I have never had better service aboard ship or on land than I had on this cruise. The staff appeared to have been instructed never to say "no," even if the request had not been made. When a few couples were early for breakfast at the Terrace Cafe, the staff opened it up for us unasked. When a passenger dressed only in a swimsuit started eating at a table in Waves, a server came over with a towel and asked him if he wouldn't be more comfortable with that over his shoulders. It wasn't a shirt, but it did the job tactfully. The Marina has a few wheelchairs for use solely aboard ship, yet a staff member let an obviously irritated and out-of-line passenger take one wheelchair ashore because the passenger thought he could visit a venue that might not have wheelchairs.
On all the Cruise Director's announcements he referred to "the beautiful Marina." That grew repetitious, but the adjective is correct. The Marina is beautiful and has just enough glitz to make an impression. Most of the artwork was too abstract for me, but I recognize that it was all in good--if modernist--taste. Marina is still relatively new, and it was shiningly clean. I noticed no spots on the windows or furnishings, but there were signs of wear on the carpet near my bed.
The stateroom had all the storage space needed and was a good place to relax. One closet door needed fixing, and a workman appeared promptly when summoned by the room steward. The fix took some time, but the door gave no further problems during the cruise. I have read a good deal on these boards about the showers on the Marina. I am tall and wear extra-large sizes, and yes the shower stall was a squeeze, but I could shower. On the other hand, I expect better from Oceania than a shower stall that is a squeeze.
Embarkation and disembarkation
The shore staff in Civitavecchia was ready for us. Embarkation formalities were brief, there were no lines to speak of, and within a few minutes we were aboard, followed promptly by our luggage. Disembarkation in Dover was different. We were tagged to get off at 8:00am, but our group was not called until 9:30am. Our fellow passengers who had close plane connections were visibly anxious, and there were some complaints when those on tight schedules were permitted off the ship out of order. Despite repeated requests, some persons whose groups had not been called congregated at the gangway exit slowing the departure of groups that had been cleared to leave.
The Cruise Director was active and high-profile throughout the slowed debarkation, which he attributed to a shore-side conveyer being broken. "Fifteen wonderful days cruising will be forgotten, and the passengers will complain about this," he sighed more than once. In one minor snafu on the part of the ship's personnel it was at first announced that passengers could wait in the public spaces, then all passengers were asked to gather in the Marina lounge, and later this was reversed to let passengers return to the (more comfortable) public areas of the ship.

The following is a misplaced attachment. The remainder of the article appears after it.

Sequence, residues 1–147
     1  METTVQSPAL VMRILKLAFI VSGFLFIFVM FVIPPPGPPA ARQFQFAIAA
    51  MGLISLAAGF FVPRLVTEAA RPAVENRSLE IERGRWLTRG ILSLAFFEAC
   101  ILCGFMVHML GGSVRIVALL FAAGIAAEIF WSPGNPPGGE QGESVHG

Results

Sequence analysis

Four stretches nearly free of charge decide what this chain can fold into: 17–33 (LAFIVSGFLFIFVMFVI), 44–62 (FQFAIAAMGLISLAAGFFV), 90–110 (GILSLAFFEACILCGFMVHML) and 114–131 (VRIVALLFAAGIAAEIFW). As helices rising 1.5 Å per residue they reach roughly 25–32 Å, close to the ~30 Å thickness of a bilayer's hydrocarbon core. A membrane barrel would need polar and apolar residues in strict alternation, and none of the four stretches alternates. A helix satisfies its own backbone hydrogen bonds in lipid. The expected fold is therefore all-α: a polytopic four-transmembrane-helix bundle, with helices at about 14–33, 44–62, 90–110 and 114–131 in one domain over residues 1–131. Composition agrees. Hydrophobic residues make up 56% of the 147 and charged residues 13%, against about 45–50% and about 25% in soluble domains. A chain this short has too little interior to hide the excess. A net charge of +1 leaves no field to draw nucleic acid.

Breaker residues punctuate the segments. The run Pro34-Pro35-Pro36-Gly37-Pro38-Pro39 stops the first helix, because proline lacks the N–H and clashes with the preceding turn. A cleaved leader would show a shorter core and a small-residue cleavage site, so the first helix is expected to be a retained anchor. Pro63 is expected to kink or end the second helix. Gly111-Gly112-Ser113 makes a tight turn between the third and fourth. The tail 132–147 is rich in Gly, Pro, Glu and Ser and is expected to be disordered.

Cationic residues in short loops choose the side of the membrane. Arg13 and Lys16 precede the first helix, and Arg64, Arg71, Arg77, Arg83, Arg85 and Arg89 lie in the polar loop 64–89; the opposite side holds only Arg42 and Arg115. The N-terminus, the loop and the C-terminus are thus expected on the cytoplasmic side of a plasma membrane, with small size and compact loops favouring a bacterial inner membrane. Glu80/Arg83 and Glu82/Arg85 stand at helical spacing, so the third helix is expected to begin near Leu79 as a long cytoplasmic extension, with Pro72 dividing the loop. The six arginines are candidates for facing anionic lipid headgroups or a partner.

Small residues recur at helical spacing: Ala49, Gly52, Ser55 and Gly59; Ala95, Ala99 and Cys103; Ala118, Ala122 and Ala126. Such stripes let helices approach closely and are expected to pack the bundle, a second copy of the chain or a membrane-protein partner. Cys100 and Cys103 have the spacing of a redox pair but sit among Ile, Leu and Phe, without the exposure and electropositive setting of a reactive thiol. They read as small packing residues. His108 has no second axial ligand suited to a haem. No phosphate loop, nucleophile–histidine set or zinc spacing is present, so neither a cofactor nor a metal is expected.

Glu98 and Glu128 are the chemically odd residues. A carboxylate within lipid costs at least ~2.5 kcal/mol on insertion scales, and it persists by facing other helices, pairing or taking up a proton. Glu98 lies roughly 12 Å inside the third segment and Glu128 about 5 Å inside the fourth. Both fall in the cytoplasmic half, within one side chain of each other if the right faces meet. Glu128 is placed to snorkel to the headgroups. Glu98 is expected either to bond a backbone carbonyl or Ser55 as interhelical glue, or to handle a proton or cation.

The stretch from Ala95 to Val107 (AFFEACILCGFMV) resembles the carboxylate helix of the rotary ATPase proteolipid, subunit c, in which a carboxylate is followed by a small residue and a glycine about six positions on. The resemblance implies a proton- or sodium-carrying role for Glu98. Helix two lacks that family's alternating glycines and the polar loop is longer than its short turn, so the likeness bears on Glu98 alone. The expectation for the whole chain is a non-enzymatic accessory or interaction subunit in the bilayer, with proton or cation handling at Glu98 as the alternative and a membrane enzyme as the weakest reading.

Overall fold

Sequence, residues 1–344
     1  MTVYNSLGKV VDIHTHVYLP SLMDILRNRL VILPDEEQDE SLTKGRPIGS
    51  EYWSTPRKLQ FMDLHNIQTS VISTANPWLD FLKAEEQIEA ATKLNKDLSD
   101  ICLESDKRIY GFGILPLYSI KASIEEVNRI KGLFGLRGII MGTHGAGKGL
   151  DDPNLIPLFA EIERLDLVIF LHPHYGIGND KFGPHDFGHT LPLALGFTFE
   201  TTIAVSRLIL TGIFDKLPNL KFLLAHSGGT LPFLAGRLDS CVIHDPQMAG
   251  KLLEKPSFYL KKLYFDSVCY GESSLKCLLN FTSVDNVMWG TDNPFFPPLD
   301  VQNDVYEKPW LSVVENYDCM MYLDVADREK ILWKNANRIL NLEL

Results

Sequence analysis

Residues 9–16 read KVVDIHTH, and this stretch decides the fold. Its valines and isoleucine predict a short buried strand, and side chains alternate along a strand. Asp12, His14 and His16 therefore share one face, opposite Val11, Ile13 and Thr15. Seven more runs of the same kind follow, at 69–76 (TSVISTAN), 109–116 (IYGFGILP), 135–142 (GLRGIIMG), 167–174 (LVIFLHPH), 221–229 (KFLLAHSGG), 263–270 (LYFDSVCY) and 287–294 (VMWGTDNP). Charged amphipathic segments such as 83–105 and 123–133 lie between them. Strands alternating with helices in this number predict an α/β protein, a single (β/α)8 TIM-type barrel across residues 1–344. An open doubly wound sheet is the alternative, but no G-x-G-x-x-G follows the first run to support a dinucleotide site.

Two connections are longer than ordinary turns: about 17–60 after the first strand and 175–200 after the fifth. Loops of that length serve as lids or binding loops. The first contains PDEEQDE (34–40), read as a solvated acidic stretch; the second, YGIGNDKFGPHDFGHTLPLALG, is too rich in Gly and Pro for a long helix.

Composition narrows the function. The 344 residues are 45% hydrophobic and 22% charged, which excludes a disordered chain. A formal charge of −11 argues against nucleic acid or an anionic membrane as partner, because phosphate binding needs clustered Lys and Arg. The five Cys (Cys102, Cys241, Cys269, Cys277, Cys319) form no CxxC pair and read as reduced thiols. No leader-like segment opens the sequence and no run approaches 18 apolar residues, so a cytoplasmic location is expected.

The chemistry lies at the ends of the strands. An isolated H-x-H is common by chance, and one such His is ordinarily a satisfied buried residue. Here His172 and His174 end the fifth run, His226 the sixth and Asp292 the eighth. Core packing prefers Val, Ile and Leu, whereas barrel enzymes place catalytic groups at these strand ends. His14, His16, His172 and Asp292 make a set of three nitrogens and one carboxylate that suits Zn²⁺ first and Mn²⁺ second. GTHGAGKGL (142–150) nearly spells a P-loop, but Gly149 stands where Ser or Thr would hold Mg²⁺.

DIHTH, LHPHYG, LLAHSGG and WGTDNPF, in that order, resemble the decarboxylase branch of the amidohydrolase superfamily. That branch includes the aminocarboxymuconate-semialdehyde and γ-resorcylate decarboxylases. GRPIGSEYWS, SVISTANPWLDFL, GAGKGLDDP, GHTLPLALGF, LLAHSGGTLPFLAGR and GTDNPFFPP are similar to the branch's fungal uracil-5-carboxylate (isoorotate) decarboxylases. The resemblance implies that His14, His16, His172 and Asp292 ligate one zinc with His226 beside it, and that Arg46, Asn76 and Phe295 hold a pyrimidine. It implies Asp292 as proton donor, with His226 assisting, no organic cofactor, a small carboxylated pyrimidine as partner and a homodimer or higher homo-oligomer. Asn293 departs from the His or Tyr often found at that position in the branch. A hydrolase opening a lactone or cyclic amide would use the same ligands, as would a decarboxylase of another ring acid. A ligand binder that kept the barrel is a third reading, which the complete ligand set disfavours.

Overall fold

Food and drink
We ate well aboard the Marina. I cannot think of a single complaint about the food. My vote for the best dining venue is Red Ginger, closely followed by the Grand Dining Room. The best single dish I had aboard was the grilled seafood in Red Ginger followed by any number of entrees in the Grand Dining Room, including the Veal Oscar. We paid extra for a wine dinner at La Reserve and thought it was not worth the money. One ate (and drank) as well in the other ship's restaurants.
I think the Baristas bar is under-appreciated. The coffee was the best on the ship, and the espresso is as good as the best ashore. Baristas had all the snacks that are in the concierge lounge, plus biscotti and other items. The coffee-flavored custard was excellent. Baristas has an outside view not found in the concierge lounge, the Grand Bar or Martinis.
During our one day at sea Marina laid on an elaborate brunch buffet in the Grand Dining Room. It was as usual excellent, but I could find no fruit. What I took to be a purely esthetic display of food was in fact a serve-yourself section of berries, melons cut into forms, and artistically arranged slices of mangoes, pineapples, kiwis, and the like. I almost felt bad about heaping the fruit onto my plate. Almost.
The Oceania Web site says the House Select beverage package includes beer when drunk with meals. That is true but inaccurate since the House Select package does not include the Asian beers served in Red Ginger, nor does it include the draft Heineken at Waves. The publicity should be clearer on this point.
I cannot recall the name of a quartet from Ukraine which played in the sixth deck lounge across from the grand bar, and also during some lunches in the Main Dining Room. They were talented players who chose well-known pieces from the classical repertoire. I am usually too tired from touring to go to the Marina Lounge at night, but having heard the quartet around the ship I went to a program they had and it was excellent. I felt the group's appearance in the Mariner Lounge in the evening should have been better publicized in the Cruise Director's morning TV program.
Dr. Ian Gardener, the ship's physician, gave me outstanding treatment after I had a mishap while ashore. I needed X-rays, stitches, analgesia, and a corticosteroid injection for my knee, which he provided. Dr. Gardener also successfully treated a rash I had picked up in Rome, and identified another potential problem that my internist is following up on. Dr. Gardener is an interesting and well-informed person who I would have liked to have dinner with. Meeting him mitigated the unpleasantness of stumbling over a curbstone in Barcelona.